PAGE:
BISMARCK, N.D. – Gov. Doug Burgum today signed two executive orders designed to slow the spread of COVID-19 in North Dakota and protect the most vulnerable from the coronavirus disease by limiting visitation to long-term care facilities.
The first executive order requires individuals who test positive for COVID-19 to self-quarantine in their place of residence for no less than 14 days or as directed by order of the State Health Officer. Family and household members residing with the infected individual and identified by the North Dakota Department of Health (NDDoH) as a contact of an infected individual must do the same.
“Self-quarantine is the least restrictive and most practical means of isolating individuals who are contagious or exposed to COVID-19,” Burgum said. “We will continue to take targeted action to slow the spread of the coronavirus and preserve hospital capacity to save lives.”
Burgum noted that North Dakota already has a 14-day self-quarantine order in place for citizens returning from states on the CDC’s widespread-COVID-19 list. That order was issued by the State Health Officer and includes exceptions for essential critical infrastructure workers as defined by the Department of Homeland Security.
In today’s other executive order, Burgum suspended visitation to long-term care facilities, including skilled nursing facilities and basic care facilities, except in cases of end-of-life or compassionate care circumstances such as medical and emotional care for patients with terminal diseases, including hospice care. All non-essential personnel and volunteers are restricted from long-care facilities until further notice.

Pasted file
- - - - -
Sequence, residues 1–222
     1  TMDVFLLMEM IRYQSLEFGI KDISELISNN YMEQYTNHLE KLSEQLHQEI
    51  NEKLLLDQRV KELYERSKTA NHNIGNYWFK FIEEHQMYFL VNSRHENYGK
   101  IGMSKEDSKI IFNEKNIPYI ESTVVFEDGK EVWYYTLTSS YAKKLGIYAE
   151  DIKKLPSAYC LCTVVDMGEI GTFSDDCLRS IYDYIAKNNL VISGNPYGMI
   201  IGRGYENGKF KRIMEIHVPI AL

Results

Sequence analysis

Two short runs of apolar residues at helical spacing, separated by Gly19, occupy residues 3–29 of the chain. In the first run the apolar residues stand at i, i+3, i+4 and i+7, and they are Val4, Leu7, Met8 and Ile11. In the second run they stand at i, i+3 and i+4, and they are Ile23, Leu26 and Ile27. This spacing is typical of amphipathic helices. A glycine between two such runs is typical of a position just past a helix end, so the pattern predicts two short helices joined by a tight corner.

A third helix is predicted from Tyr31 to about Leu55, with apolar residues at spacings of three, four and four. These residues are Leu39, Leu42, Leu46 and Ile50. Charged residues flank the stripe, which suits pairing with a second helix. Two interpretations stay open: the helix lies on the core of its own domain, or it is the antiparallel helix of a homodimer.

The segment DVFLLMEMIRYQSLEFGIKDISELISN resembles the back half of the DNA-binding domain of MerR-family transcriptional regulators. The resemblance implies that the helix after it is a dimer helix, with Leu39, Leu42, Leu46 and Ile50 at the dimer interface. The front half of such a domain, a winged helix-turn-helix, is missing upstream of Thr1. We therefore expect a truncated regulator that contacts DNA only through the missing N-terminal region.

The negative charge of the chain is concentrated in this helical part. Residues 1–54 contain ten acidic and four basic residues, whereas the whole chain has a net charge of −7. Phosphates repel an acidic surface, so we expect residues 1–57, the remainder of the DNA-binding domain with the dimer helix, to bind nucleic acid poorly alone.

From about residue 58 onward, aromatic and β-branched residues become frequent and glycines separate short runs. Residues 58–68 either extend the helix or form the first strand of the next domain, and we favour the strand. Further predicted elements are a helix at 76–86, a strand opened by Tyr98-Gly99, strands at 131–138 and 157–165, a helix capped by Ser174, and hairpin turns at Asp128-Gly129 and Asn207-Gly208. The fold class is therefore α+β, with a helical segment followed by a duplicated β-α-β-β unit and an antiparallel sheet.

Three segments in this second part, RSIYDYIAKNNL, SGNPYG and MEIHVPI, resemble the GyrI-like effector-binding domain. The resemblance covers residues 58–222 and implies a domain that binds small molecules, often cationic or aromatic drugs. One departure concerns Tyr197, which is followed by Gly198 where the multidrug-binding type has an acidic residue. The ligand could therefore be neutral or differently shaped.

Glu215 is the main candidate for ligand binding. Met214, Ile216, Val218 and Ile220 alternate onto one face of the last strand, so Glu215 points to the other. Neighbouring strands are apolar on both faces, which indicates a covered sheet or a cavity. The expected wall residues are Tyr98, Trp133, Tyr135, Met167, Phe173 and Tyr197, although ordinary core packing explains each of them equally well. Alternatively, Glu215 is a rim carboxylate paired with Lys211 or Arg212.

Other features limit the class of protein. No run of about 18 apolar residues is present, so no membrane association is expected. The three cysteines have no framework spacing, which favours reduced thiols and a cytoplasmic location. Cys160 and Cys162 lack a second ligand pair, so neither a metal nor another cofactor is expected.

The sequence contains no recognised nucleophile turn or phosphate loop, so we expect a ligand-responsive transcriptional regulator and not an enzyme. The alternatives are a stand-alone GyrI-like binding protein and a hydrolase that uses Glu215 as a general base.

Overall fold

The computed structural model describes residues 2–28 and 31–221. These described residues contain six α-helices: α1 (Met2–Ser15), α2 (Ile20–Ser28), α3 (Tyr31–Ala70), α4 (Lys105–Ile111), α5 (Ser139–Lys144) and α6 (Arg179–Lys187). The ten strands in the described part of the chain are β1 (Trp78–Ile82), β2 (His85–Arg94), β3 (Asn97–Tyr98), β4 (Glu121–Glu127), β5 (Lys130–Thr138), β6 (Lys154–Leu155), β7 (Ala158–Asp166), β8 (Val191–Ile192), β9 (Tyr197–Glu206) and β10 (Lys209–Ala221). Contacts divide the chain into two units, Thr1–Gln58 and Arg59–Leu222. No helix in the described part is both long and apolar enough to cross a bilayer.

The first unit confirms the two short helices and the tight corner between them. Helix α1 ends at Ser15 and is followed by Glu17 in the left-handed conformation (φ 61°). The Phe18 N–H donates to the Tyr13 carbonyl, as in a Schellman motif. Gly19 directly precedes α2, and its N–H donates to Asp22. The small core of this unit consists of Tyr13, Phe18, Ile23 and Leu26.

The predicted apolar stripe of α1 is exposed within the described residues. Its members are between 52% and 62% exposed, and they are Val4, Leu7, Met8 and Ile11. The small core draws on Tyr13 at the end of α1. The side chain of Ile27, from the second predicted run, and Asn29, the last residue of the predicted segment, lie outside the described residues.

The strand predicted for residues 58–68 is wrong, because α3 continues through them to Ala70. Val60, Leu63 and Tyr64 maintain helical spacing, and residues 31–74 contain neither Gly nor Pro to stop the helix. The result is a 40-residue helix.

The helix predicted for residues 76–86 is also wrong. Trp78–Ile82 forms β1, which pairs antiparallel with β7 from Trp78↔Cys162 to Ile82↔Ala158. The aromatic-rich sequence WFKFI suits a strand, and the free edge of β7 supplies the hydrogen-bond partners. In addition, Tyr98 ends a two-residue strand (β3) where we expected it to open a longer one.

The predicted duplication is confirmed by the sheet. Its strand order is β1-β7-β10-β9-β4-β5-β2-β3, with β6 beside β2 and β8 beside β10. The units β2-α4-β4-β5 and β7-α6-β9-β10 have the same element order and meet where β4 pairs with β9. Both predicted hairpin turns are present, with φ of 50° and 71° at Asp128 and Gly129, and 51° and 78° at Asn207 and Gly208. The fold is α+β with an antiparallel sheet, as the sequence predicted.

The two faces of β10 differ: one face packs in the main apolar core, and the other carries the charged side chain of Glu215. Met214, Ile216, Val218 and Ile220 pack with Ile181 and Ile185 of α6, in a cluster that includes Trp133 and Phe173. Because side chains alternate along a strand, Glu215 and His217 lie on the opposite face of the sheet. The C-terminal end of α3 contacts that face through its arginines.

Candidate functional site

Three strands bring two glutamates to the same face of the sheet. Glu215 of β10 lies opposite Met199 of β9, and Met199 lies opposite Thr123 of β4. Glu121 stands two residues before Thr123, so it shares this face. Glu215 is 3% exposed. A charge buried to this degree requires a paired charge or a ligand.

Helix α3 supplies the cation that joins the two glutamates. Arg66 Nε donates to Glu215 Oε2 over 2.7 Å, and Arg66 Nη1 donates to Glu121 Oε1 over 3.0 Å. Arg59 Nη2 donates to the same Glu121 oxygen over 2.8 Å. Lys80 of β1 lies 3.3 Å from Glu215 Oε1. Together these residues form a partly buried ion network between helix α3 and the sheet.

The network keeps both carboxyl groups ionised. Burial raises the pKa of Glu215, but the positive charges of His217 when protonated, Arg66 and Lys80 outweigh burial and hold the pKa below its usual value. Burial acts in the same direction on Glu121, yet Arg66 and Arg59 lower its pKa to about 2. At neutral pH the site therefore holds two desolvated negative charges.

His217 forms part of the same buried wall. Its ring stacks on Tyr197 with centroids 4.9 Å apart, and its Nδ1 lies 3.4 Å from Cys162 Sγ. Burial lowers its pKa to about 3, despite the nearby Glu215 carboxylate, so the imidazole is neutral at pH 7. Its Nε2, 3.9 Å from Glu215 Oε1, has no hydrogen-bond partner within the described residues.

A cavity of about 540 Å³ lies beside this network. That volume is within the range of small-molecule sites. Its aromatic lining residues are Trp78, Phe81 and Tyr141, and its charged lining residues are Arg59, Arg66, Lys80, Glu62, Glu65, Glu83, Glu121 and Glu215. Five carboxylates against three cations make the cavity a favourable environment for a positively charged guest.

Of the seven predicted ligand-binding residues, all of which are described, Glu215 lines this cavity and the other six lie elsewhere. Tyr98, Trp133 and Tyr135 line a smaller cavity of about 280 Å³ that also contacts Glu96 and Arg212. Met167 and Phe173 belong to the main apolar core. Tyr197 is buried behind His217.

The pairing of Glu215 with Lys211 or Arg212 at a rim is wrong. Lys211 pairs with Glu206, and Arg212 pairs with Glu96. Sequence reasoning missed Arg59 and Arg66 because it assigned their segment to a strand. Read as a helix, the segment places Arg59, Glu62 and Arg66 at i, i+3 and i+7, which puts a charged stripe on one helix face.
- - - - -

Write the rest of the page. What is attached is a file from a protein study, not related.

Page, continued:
The NDDoH today confirmed 18 additional cases of COVID-19, bringing the state’s total to 225 confirmed cases. A total of 32 individuals have been hospitalized, and 19 of those are currently hospitalized; 74 have recovered. A total of 7,213 tests have been completed.
Burgum also announced the death of a fourth North Dakota resident related to COVID-19. The Emmons County man in his 70s had acquired COVID-19 through community spread and had underlying health conditions. Burgum extended his deepest condolences to the man’s family and friends. This death will be reflected in Tuesday’s official NDDoH report.